There’s a lot we can learn about teaching math skills from language arts teachers. For example, think about how we build writing fluency and grammar skills in language arts. Among other things, we certainly do these:
- Explicitly teach important skills and rules.
- Provide students with “mentor texts” and many examples of excellent prose to read and analyze; students who read a lot also write better.
- Ask students to review and correct examples which contain errors; this is often done in a “daily edit” format.
In math, most of our instruction traditionally focuses on the explicit teaching of math skills and rules, so we have that one down cold. Mathematical mentor texts are also used, though not as frequently, when we model solutions for students and share examples of worked problems.
We are not so good at teaching students to correct errors, and when we do teach it, we tend to focus on simple, careless mistakes in student work. This is inadequate. So, just as we give students practice in correcting writing by exercising their editing skills, we should give them opportunities to analyze and correct mathematical examples with errors. When students get comfortable looking for errors in mathematical work, they get better at noticing those errors more fluently and even automatically as they work.
One excellent place to find examples to use for this daily activity is Michael Perhan’s Math Mistakes blog. In it, the New York City math teacher collects student work and posts it periodically along with a blog post that discusses the errors in it. The posts are categorized by content area and by standard, so you should be able to easily find specific examples relevant to math skills or concepts you want to reinforce.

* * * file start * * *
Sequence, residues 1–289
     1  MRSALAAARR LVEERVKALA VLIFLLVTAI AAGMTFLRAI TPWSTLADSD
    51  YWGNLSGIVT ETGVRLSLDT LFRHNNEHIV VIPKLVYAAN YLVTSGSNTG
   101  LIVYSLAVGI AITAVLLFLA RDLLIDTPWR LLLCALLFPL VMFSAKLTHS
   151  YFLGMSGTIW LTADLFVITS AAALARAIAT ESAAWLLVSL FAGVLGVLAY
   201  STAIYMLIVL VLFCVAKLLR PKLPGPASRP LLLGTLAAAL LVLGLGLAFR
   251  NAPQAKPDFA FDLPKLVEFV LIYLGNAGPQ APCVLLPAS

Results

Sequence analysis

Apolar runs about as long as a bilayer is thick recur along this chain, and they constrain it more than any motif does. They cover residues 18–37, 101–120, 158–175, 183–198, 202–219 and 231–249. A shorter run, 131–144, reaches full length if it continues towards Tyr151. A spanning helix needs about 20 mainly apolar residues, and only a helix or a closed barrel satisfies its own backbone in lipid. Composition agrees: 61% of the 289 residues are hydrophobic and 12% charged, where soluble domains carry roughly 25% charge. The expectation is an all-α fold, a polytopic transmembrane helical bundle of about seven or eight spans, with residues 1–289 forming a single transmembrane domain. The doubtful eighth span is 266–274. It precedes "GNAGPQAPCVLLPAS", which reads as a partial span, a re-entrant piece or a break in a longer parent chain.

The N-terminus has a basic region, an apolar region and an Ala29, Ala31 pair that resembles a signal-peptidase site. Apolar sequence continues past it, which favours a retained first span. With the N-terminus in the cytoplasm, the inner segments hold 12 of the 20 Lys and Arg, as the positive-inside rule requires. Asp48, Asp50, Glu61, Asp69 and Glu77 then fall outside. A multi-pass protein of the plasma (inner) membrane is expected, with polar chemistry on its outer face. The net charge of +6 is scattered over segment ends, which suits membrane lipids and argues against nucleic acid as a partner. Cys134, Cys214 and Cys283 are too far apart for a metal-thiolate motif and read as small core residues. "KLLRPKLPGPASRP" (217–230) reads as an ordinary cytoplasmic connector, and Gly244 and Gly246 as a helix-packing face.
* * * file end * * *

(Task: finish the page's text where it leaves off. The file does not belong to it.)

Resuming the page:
You can also create your own examples to use. As you collect and generate examples, be sure you are including all of the following types of errors:
- Careless errors. These are mistakes in copying or computation that result from a lack of precision.
- Computation errors. These are mistakes caused by a faulty algorithm, or from taking an inappropriate shortcut.
- Procedural errors. These are created when a student chooses the wrong process, such as subtracting instead of adding, dropping a remainder, or finding the volume of a figure instead of the surface area.
- Errors in reasoning. This comes from faulty logic and mistaken assumptions during the solution of a problem.
- Errors in interpreting a solution. Sometimes students can flawlessly produce a correct solution to a problem, but misinterpret what it means or how it applies. While this is a type of error in reasoning, I list it separately because it’s important that students know to look out for it.
What other strategies do you use to help your students learn to correct math mistakes? What other kinds of math skills errors do you ask them to look for? Share your thoughts in the comments.
Don’t miss the new 5 Principles of the Modern Mathematics Classroom, by Gerald Aungst.
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Gerald Aungst has more than 20 years experience as a professional educator, specializing in digital technology, mathematics, and gifted education. In his various roles as a classroom teacher, gifted support specialist, administrator, curriculum designer, and professional developer, he has worked to create a rich and vibrant learning culture. He is also passionate about improving learning opportunities for all students. Gerald is a founder of AllAboutExplorers.com and ConnectedTeachers.org.